“Local” or “not local” is the wrong way to think about news and entertainment on the radio. When it comes to information, for example, there are two flavors – one kind is relevant to me, my family, or my neighborhood. The other kind is entertainment. Here is an overview of consumers’ “circles of interest”: At the center is ME. Then my FAMILY. Then my NEIGHBORHOOD. Why not a circle for city (i.e., “local”) news? Because the only city news that matters to me is the kind that af
Relevance is a funny thing. Many of radio’s leaders will argue radio’s relevance is proved by its widespread consumer usage. Hogwash. Usage is a temporal thing. It is a byproduct of relevance but it is not relevance. Relevance is relevance. And long-lived goods and services which are not as relevant to me and my life as newer goods and services will be disrupted and displaced by those newer goods and services over time. So never take refuge in being popular. Just ask MySpace.
I was struck by the following exchange about radio’s relevance – or lack thereof – from Radio Ink: Entercom CEO David Field got the hair on his back up a little bit yesterday when speaking at a Wells Fargo Media Conference yesterday. When answering a question about whether radio was relevant anymore, Field said there’s “a lack of respect for what radio is and has accomplished” out there. “More people listen to radio than ever before. When you aggregate all the other listening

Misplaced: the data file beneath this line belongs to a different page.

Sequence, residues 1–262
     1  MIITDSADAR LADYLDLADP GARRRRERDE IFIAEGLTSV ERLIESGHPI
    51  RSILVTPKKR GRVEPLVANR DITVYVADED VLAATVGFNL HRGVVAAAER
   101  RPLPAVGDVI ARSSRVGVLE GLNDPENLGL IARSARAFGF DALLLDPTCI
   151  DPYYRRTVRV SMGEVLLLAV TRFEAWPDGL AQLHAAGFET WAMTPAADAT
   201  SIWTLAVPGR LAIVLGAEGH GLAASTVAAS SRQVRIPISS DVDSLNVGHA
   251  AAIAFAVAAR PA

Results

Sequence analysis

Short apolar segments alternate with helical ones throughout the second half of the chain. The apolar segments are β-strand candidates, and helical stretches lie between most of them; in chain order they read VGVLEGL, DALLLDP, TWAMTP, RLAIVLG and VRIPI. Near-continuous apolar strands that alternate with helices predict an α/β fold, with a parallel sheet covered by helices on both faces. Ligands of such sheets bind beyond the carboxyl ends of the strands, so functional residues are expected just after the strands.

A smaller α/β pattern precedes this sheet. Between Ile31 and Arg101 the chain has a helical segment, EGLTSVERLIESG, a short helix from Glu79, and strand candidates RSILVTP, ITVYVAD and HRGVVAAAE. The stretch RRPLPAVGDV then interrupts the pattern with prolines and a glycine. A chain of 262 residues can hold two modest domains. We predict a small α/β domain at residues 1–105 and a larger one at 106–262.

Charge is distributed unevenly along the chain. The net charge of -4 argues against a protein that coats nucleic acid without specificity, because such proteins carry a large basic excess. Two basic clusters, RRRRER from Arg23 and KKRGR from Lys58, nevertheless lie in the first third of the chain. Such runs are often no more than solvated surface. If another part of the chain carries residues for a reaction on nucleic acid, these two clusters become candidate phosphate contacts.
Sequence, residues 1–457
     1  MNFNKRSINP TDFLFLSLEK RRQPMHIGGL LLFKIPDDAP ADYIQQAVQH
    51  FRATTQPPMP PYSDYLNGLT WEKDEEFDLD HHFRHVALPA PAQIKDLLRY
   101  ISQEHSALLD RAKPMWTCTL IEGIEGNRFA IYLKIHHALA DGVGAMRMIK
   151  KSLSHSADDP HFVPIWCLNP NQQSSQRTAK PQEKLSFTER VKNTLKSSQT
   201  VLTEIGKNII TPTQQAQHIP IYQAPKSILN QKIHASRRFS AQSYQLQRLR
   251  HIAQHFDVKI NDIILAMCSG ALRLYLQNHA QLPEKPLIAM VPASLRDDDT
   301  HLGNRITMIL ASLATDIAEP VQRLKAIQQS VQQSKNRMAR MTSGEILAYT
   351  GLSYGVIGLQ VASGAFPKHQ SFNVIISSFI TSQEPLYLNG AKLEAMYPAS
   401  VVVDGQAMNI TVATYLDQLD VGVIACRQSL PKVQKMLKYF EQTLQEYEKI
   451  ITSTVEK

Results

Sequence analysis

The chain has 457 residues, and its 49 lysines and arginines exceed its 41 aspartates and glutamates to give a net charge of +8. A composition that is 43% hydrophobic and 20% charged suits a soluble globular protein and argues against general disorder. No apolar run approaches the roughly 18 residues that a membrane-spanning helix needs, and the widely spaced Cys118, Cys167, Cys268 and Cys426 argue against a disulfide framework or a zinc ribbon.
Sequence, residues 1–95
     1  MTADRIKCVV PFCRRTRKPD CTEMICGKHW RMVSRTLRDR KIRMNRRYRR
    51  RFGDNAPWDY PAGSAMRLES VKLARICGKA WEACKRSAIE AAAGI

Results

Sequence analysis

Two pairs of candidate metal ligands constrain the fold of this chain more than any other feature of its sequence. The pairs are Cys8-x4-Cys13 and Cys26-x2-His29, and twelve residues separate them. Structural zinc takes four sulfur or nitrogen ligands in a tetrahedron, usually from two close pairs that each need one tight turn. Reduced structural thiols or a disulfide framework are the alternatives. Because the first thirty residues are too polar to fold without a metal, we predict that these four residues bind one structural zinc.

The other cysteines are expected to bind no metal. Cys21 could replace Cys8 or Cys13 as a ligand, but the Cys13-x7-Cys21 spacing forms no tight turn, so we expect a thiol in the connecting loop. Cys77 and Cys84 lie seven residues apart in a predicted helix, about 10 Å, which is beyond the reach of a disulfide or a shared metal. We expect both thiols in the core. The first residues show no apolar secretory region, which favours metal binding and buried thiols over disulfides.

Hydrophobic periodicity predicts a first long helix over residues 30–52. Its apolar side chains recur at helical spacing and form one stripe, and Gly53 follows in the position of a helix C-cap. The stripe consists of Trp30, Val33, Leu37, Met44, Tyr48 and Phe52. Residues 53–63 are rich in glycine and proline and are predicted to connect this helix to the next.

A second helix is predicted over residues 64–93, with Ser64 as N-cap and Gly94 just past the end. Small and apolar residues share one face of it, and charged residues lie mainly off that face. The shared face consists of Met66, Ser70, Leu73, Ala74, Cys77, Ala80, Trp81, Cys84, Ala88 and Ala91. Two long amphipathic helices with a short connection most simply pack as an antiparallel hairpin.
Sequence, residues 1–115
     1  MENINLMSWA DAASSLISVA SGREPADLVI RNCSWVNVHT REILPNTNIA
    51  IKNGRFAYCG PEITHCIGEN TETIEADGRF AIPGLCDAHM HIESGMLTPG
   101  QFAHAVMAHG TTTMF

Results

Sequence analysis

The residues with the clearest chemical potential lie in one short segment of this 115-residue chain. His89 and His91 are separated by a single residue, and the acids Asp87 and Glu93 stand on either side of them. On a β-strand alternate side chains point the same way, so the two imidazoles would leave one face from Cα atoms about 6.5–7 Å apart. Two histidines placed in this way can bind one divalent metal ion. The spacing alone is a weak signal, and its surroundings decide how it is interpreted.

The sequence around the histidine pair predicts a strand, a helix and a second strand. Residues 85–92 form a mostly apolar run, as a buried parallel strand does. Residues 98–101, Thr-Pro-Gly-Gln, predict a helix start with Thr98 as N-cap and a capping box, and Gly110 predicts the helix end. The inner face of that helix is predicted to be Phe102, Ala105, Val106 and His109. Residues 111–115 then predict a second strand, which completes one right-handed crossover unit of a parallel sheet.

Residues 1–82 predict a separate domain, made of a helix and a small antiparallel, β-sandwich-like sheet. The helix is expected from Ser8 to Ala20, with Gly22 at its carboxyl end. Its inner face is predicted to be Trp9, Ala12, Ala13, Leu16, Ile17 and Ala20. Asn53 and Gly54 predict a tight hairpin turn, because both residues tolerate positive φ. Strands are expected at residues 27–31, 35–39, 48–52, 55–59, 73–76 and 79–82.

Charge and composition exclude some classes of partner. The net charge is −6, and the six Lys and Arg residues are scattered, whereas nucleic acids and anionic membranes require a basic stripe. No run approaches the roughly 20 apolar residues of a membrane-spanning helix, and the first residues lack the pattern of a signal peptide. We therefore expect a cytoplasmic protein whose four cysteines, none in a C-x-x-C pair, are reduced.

Last week I was interviewed for a radio show by an international broadcaster and she asked me one question that has haunted me for days: “How can radio remain relevant to consumers?” This question is innocuous on its face, but upon consideration, it’s remarkable. Who would have ever imagined we would ask such a question about radio? With hundreds of millions of distribution devices (i.e., radios) in every home work and car and almost universal usage of the medium, how could w
“Brands don’t necessarily need more choices, they need more choices that are personally relevant.” That’s from advertising giant John Winsor, head of ad agency Victors & Spoils, the former VP/Executive Director of Strategy and Innovation at Crispin Porter + Bogusky, and soon to be interviewed for this blog. Think about what that means. Especially in a world of blossoming choices – a world where anyone can copy your playlist song for song if they wish. How do you keep your a